The Tender Mercy of God

One of the great old hymns we use here for worship is “Your Mercy” by Isaac Watts.  The first part goes like this:

“Your mercy my God is the theme of my song;
The joy of my heart and the boast of my tongue!”

I love the old theological Latin for mercy, misericordia Dei, which means something like the affectionate compassion of God towards sinners.  In the words of Thomas Watson, “It is the great design of the Scripture to represent God as merciful.”  Scripture teaches that raindrops are like showers of God’s mercy, he mercifully feeds all creatures, and his tender mercies are over all his works like the touch of a painter’s hand  (Ps. 145.9, Matt. 5.45, Acts 14.17, etc.).  Watson’s other words describing God’s mercy (which I’ve summarized) are worth contemplating as we make God’s mercy the theme of our song.

 God’s mercy is “a lodestone [magnet] to draw sinners to him.”  “God is more inclinable to mercy than wrath (cf. Ex 34.6-7).  Mercy is his darling attribute, which he most delights in (Mic. 7.18).  Mercy pleases him.”  “Mercy is not the fruit of our goodness, but the fruit of God’s goodness.  Mercy is an alms that God bestows.” 

“Mercy stays [restrains] the speedy execution of God’s justice.  Mercy gets a reprieve for the sinner, and stops the speedy process of justice.  God would, by his goodness, lead sinners to repentance.”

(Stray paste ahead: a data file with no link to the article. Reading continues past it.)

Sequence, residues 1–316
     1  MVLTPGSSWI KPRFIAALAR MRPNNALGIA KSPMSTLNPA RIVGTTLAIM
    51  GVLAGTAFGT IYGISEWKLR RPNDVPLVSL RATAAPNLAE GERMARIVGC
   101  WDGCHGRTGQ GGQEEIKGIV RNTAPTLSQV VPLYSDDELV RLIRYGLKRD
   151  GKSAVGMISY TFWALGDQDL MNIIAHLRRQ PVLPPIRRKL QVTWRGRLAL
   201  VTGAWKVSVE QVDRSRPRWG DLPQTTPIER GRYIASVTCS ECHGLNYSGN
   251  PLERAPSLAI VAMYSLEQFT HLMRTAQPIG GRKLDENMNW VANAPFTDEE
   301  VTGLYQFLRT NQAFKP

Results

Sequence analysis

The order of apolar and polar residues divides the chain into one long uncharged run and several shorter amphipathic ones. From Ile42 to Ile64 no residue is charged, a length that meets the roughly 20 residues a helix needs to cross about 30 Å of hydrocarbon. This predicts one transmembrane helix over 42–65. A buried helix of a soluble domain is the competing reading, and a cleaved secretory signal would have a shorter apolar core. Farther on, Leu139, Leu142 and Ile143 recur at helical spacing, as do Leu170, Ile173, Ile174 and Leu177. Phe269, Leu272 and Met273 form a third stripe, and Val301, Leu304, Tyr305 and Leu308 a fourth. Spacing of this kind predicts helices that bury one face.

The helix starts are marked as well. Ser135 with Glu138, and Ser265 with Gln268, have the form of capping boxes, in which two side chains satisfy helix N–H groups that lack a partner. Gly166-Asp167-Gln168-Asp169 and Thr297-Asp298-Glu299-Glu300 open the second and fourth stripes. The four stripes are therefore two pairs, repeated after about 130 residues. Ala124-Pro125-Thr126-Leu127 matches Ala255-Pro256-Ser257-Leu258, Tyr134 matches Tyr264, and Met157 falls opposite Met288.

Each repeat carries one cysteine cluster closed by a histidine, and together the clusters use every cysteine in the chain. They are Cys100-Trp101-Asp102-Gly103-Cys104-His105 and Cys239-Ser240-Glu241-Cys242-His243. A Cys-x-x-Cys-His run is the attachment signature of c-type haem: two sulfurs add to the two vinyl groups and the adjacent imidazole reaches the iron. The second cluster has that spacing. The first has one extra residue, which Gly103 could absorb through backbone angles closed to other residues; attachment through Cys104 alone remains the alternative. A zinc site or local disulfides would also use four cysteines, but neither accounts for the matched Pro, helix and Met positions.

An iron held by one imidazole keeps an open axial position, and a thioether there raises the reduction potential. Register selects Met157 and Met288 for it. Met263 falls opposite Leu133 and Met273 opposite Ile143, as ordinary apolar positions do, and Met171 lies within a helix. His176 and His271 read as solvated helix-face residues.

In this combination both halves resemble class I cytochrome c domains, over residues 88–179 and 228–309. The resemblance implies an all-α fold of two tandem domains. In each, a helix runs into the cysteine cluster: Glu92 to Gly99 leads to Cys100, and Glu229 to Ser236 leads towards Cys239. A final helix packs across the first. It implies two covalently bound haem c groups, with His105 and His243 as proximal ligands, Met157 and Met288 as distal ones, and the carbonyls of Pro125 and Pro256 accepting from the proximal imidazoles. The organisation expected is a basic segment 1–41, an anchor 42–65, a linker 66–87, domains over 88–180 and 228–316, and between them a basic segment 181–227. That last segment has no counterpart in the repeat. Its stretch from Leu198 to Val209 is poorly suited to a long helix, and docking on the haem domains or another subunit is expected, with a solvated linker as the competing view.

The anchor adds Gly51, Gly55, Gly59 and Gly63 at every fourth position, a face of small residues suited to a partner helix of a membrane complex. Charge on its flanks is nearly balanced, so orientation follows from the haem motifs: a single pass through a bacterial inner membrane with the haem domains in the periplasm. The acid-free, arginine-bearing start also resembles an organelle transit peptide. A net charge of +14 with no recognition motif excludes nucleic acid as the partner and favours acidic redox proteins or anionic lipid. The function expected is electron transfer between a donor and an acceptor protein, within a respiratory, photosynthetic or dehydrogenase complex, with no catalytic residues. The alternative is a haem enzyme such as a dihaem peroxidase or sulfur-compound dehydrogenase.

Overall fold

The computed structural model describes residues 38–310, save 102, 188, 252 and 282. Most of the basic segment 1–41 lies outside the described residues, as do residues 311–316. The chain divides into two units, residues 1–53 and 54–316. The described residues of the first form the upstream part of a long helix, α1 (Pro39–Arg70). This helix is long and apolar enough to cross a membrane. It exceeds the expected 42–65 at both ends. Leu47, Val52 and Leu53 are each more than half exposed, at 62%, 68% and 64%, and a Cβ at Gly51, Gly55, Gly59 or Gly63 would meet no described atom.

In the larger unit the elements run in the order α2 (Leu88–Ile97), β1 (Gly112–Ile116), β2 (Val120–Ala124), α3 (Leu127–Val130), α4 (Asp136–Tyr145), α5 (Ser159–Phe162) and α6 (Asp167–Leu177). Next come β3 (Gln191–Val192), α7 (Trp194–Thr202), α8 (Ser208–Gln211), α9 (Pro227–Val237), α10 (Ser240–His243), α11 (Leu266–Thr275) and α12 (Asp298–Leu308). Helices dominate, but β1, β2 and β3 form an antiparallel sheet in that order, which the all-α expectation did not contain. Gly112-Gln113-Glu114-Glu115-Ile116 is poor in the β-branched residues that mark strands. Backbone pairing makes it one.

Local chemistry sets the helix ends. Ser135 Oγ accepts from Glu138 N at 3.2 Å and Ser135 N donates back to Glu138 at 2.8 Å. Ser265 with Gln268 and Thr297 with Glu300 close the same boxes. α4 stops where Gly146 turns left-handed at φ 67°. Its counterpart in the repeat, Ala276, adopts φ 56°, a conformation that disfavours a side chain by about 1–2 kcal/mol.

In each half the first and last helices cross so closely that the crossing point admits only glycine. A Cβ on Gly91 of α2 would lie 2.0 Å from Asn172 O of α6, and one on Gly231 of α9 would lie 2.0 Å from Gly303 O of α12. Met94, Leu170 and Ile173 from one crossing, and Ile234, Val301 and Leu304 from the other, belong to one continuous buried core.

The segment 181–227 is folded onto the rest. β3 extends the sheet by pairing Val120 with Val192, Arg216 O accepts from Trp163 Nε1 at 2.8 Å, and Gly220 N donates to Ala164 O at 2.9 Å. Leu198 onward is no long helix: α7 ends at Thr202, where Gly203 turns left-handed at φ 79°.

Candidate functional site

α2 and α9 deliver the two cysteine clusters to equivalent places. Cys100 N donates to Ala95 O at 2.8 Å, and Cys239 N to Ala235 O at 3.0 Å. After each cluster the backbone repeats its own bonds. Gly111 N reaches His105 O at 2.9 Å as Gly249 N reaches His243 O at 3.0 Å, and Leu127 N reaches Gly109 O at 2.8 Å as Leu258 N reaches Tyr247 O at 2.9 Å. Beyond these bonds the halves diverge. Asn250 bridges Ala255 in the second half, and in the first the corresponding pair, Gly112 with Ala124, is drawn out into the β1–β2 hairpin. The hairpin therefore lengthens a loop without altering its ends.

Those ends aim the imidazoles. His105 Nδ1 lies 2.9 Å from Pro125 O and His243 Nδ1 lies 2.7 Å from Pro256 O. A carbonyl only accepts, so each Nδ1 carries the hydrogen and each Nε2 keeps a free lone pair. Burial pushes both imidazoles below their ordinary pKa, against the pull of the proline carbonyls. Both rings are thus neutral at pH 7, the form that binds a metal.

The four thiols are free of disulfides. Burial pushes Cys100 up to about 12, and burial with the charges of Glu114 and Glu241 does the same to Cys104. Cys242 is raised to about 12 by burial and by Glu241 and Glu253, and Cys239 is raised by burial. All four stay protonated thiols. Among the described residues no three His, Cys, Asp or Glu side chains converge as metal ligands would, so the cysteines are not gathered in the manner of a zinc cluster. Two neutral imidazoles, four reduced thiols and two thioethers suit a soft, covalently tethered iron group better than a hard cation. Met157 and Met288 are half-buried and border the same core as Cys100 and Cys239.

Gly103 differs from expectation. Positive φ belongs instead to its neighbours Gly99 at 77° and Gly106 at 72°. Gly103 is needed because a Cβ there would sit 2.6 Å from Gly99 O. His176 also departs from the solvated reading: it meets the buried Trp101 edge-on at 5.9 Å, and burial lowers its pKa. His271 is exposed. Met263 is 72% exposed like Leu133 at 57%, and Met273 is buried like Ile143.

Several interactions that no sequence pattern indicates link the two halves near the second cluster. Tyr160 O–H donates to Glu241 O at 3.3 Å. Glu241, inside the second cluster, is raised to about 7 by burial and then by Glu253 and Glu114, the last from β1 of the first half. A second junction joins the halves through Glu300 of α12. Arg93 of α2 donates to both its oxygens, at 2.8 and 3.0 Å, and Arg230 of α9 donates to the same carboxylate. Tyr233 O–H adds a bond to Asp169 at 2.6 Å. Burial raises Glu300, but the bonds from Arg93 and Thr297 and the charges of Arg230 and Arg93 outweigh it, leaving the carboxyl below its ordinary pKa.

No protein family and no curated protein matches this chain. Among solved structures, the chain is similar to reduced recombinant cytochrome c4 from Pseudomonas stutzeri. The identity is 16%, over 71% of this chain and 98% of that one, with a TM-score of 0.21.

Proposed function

“God’s mercy is free.  To set up merit is to destroy mercy.  Nothing can deserve mercy, because we are polluted in our blood.  We may force God to punish us, but not to love us.”  His mercy is overflowing, plentiful, and abundant.  His mercies over all are new every morning.

God is “desirous that sinners should touch the golden scepter of his mercy and live.”  He calls “sinners to come and lay hold on his mercy” (Rev. 22.17).  “Mercy woos sinners, it even kneels down to them.  God says, Poor sinner, suffer [allow] me to love thee, be willing to let me save thee.”

Why don’t you believe in God’s mercy?  Do your sins discourage you?  “God’s mercy can pardon great sins” (Ps 25.11). 

“Go to God for mercy.  Oh pray for mercy!  God has treasures of mercy; prayer is the key that opens these treasures; and in prayer, be sure to carry Christ in your arms, for all the mercy comes through Christ.”  “Though God may refuse us when we come for mercy in our own name, yet he will not when we come in Christ’s name.”

Once we realize the tenderness of God’s abundant and free mercy, another verse of the hymn makes perfect sense.

“Your mercy is more than a match for my heart;
Which wonders to feel its own hardness depart!
Dissolved by your goodness I fall to the ground;
And weep to the praise of the mercy I’ve found!”

[The above comments by Thomas Watson can be found in Part II, chapter 9 of his Body of Divinity.  UPDATE/EDIT: I also just found an entire section on “Mercy” in Watson’s treatment of the beatitudes.]

shane lems

sunnyside wa

One Reply to “The Tender Mercy of God”

Comments are closed.

%d bloggers like this: